Three Things To Do If Your Partner Withholds Financial Information During Divorce

A fair divorce judgment on important issues such as child support, alimony, and asset division can only be made if both parties are utterly honest with their financial disclosure. If you suspect that your spouse is holding back on some information, take measures to prevent the dishonesty from causing you financial damage. Here are three avenues you can take to remedy the situation: 

Try the Discovery Process

Discovery is a legal process meant to unearth various facts before the trial begins in a lawsuit. If you suspect that your partner is withholding crucial information from you, you can opt for the discovery process to help you get the information. The discovery process takes place via various channels, such as:

  • Interrogatories – these are specific questions printed or presented in an oral manner to your spouse, and your spouse has to answer them.
  • Document production – just like the name suggests, your spouse will be asked to produce specific documents, for example, tax returns.
  • Depositions – these are sworn statements that your spouse has to make; they are transcribed verbatim by a court reporter.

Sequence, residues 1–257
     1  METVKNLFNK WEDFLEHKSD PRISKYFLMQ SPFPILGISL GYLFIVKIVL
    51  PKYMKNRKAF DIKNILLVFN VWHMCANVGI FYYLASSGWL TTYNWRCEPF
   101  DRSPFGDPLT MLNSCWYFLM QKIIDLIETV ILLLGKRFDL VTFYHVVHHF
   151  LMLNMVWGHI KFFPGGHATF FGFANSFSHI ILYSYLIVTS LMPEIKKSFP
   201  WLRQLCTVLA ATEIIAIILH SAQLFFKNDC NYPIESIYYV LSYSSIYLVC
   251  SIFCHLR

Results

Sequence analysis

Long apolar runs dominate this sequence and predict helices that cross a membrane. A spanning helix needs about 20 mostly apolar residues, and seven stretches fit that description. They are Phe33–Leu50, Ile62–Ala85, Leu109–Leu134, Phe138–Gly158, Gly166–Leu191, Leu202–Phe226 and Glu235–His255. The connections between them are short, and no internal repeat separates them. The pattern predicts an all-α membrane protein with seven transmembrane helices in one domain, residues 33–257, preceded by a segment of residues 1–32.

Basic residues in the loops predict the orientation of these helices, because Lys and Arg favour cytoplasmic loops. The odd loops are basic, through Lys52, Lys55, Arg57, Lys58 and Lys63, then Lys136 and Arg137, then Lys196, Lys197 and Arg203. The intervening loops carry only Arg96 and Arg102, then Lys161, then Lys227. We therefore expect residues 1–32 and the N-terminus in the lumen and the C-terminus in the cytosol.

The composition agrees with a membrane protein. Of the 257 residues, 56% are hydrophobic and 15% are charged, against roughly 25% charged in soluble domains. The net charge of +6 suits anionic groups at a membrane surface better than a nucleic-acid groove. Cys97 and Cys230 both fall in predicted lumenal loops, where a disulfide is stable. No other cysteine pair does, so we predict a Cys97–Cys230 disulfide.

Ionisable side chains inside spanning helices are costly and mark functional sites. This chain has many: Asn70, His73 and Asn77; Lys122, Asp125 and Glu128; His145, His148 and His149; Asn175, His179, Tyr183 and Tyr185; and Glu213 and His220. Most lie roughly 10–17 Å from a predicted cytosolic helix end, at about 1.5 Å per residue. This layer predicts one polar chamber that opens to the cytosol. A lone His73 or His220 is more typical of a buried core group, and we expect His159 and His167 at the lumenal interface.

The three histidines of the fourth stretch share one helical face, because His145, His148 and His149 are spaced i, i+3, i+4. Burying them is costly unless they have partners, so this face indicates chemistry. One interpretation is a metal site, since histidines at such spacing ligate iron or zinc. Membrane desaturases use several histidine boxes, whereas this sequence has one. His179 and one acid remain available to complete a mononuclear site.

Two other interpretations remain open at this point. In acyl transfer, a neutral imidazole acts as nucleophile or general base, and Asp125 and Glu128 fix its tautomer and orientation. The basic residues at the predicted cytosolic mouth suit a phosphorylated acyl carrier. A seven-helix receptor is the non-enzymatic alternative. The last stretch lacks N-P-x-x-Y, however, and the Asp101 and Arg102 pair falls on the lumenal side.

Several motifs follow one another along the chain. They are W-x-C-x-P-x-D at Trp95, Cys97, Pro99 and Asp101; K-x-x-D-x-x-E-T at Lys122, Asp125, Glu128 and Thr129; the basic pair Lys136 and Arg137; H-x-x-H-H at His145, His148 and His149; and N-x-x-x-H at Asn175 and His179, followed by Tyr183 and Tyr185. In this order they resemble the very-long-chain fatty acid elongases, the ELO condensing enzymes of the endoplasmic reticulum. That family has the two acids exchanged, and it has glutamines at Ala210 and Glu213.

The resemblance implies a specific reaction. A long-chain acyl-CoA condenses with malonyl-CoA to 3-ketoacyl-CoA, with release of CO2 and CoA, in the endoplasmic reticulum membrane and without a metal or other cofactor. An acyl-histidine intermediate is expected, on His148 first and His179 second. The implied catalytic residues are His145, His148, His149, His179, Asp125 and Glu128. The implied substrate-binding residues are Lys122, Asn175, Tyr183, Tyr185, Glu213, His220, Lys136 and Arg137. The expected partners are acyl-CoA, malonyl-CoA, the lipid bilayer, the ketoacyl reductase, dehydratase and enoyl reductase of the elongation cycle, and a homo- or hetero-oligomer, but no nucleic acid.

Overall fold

Request for Imputed Income

If the divorce court concurs with you that your spouse is hiding income or assets, it may come to your rescue by opting for imputed income. Imputed income is the income that you have the capacity to get, and not what you are actually getting. For example, if your spouse is claiming that they don't have a job and only relies on part-time jobs, the court can decide to use imputed income if they believe that your spouse is earning or can earn much more than the reported income from part-time jobs.

Get Preclusion Orders

Lastly, the court can also come to your rescue by getting preclusion orders against your spouse. Preclusion orders are court instructions that prevent someone from offering evidence to refute or support a claim if the party had earlier refused to supply the relevant information during the discovery stage of the case.

Therefore, if your spouse failed to provide the required information during the discovery process, the judge may bar them from offering evidence or testimony to dispute your claims when the issues come up for judgment later. This means you may be able to get your way if you can provide evidence for your claims.

You need to be alert all through the divorce process. If you suspect any fraud or dishonesty, inform your divorce lawyer so they can take appropriate measures to help you.